Ibram X. Kendi would like to banish the term “not racist” from our vocabulary.
The historian, scholar, and writer said it is important for people challenging inequities to actively become antiracist and not merely “not racist.” The reason, he said, is that progenitors of racist ideas have always self-identified their ideas as “not racist.”
As one of the featured speakers for the 2020-21 Marian Miner Cook Athenaeum lineup, Kendi could not have been more compelling and timely. Being virtual, the talk also reached an outsized audience of more than 700 CMC students, faculty, alumni, and parents throughout the world.
“How To Be An Antiracist: A Conversation with Ibram X. Kendi” was moderated by the three 2020-21 Woolley Fellows: seniors Chris Agard ’21, Will Frankel ’21, and Nandeeni Patel ’21.
Kendi, a National Book Award winner, Guggenheim Fellow, current Frances B. Cashin Fellow at Harvard University, and director of the Center for Antiracist Research at Boston University, said the audience for his 2019 book, also titled How to Be an Antiracist, is open-minded people of all races, ideologies and backgrounds willing to reflect on themselves and their society.
Kendi believes that too many people view a particular racial group as a problem, not understanding that the real problem is structural policies that disadvantage racial groups. Kendi advised students to become antiracial by starting in their own backyards.
“People need to look at the racial inequities in your institution and your community and ask why the disparities exist,” he said. “The answer is going to be a series of racist policies that are interconnected. Structural racism is the problem – not people.”
Every single person has the power to resist racism, he told the audience, and especially encouraged students to use that power. When Kendi was asked for advice on if students should talk to their parents about antiracism, he urged them to have the conversations, even though they might be difficult. “You have the greatest chance to change the minds of your parents than anyone on earth.”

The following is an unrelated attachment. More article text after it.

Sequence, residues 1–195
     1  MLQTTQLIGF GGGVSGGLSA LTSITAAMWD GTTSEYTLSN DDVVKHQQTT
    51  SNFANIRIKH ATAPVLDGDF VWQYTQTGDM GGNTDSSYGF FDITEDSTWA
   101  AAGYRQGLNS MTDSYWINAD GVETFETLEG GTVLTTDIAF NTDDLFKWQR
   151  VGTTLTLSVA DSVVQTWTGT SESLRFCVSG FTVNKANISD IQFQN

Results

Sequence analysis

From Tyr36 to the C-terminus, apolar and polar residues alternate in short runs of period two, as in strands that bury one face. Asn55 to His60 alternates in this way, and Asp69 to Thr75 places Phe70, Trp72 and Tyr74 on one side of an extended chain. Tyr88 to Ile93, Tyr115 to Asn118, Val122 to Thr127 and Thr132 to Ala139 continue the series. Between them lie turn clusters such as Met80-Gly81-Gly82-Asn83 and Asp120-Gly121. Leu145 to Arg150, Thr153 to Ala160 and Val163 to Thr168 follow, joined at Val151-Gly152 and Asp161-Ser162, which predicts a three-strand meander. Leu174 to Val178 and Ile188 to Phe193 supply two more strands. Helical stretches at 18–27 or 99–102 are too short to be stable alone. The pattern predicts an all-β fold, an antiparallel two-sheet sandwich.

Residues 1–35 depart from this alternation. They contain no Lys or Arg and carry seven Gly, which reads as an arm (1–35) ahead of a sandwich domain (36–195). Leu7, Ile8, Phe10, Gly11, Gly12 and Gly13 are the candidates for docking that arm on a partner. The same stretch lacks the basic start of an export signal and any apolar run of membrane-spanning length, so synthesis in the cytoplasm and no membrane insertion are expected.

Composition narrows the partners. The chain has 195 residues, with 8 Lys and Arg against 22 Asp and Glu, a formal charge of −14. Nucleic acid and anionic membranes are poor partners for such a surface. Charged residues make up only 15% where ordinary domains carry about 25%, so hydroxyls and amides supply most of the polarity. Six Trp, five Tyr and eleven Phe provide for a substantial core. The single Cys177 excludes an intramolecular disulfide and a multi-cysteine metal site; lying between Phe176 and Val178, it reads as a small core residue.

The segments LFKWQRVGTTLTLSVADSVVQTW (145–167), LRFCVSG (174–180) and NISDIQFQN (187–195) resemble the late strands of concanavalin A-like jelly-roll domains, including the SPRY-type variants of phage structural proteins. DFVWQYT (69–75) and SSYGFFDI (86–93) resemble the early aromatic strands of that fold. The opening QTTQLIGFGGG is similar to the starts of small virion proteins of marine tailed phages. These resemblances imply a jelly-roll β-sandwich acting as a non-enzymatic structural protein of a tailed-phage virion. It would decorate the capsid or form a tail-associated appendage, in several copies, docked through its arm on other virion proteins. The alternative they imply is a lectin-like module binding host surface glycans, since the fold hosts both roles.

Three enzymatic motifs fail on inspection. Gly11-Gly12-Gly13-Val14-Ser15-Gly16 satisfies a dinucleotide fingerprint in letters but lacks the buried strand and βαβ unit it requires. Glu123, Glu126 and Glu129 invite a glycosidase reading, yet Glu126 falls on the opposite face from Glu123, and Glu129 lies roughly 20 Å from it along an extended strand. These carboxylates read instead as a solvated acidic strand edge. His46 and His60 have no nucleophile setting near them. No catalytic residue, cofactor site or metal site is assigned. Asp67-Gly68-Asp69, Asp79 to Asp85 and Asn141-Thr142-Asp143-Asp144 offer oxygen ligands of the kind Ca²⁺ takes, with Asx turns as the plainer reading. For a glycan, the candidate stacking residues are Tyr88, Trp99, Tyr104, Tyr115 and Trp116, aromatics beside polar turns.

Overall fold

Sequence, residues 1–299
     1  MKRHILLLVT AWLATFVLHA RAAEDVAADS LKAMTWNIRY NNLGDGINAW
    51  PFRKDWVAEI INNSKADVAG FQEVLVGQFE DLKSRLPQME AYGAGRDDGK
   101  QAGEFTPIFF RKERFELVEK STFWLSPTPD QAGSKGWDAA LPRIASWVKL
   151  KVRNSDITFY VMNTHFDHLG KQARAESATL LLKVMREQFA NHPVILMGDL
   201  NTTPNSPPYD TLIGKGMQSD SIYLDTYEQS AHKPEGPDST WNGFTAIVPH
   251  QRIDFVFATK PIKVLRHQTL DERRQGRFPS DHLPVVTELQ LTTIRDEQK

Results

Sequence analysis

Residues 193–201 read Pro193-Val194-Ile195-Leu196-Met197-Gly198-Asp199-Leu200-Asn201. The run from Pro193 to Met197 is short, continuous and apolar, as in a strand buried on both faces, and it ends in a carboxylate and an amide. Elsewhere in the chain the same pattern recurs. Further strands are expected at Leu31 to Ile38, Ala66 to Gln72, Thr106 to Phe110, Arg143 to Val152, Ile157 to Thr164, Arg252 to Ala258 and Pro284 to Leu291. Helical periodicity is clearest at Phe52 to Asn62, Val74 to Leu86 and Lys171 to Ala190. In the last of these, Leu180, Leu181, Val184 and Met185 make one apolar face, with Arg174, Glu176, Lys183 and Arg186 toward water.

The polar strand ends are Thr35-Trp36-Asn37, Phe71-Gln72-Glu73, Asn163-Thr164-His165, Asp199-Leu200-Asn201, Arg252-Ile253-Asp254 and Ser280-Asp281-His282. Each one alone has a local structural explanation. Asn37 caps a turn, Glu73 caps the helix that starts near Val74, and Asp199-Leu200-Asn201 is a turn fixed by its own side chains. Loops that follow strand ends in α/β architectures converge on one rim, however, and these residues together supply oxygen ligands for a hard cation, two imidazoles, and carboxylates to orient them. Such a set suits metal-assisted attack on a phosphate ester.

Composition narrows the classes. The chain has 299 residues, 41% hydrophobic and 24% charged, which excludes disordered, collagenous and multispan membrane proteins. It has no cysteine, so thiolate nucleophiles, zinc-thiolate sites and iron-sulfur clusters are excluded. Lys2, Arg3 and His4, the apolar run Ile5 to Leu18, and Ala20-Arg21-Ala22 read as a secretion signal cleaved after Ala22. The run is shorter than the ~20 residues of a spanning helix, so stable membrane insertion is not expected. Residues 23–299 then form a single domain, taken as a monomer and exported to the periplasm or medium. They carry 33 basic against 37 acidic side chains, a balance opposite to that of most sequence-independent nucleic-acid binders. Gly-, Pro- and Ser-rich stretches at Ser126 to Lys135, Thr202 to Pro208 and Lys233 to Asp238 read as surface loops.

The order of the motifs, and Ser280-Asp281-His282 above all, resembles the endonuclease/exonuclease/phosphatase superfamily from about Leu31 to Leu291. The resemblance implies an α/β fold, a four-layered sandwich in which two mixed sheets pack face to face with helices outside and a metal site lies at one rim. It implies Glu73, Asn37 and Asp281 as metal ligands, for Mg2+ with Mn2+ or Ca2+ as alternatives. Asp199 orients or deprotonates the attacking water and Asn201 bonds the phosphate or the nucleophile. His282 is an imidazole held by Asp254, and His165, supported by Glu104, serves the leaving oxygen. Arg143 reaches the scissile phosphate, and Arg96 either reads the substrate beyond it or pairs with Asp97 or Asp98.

In his parting words, he urged CMC viewers to be antiracist. “Figure out ways to be courageous,” he said. “Courage isn’t the absence of fear, but the strength to do what’s right in the face of it.”
In addition to Kendi, the following Athenaeum speakers covered topics relevant to the Presidential Initiative during the 2020-21 academic year:
Where Opportunity Happens: How Neighborhoods Affect Social Mobility
Raj Chetty, a Harvard economist and MacArthur Genius, used the powerful lens of data and economics to lay the intellectual, theoretical, and statistical groundwork to evaluate whether the American Dream still remains attainable today. Read more about his CMC talk.
Monumental Debates: Academic Perspectives on Global Movements to Topple Historical Monuments
Panelists Ana Lucia Araujo, Daniela Blei, and Cynthia Culver Prescott, with CMC professors/moderators Sarah Sarzynski and Tamara Venit-Shelton, discussed the meaning behind memorials and what their research tells them about why people took to the streets to argue for or against the preservation of certain historical monuments.
A Conversation with Charles W. Mills
Charles Mills, a philosopher at the CUNY Graduate School, explored the biases that underlie western philosophy and the erasure of Black voices.
The Sword and the Shield: The Revolutionary Lives of Malcolm X and Martin Luther King Jr.
Peniel E. Joseph, the Barbara Jordan Chair in Ethics and Political Values at the University of Texas, broke down misconceptions and revealed a nuanced portrait of Dr. King and Malcolm X, who despite markedly different backgrounds, inspired and pushed each other throughout their adult lives.
How American Journalism Created and Sustained National Myths
Graham Lee Brewer, associate editor for Indigenous affairs at High Country News and a member of the Cherokee Nation, discussed how the long-time, intentional misrepresentation of Indigenous peoples in legacy media historically has helped solidify stereotypes and myth pillars.
Does A Rising Tide Lift All Boats? Racial and Distributional Aspects of Economic Freedom
Gary Hoover, professor of economics and executive director of the Murphy Institute at Tulane University, addressed the economists’ definition of “Economic Freedom” and its impact on the income gap for households in Black neighborhoods.
Anti-Asian Bias Crimes: Past, Present, and Future
Jeff Tsai, a former federal and state prosecutor, analyzed the racism and discrimination against Asian-Americans that has tragically reverberated throughout American history, including a recent surge of hatred and violence during the COVID pandemic.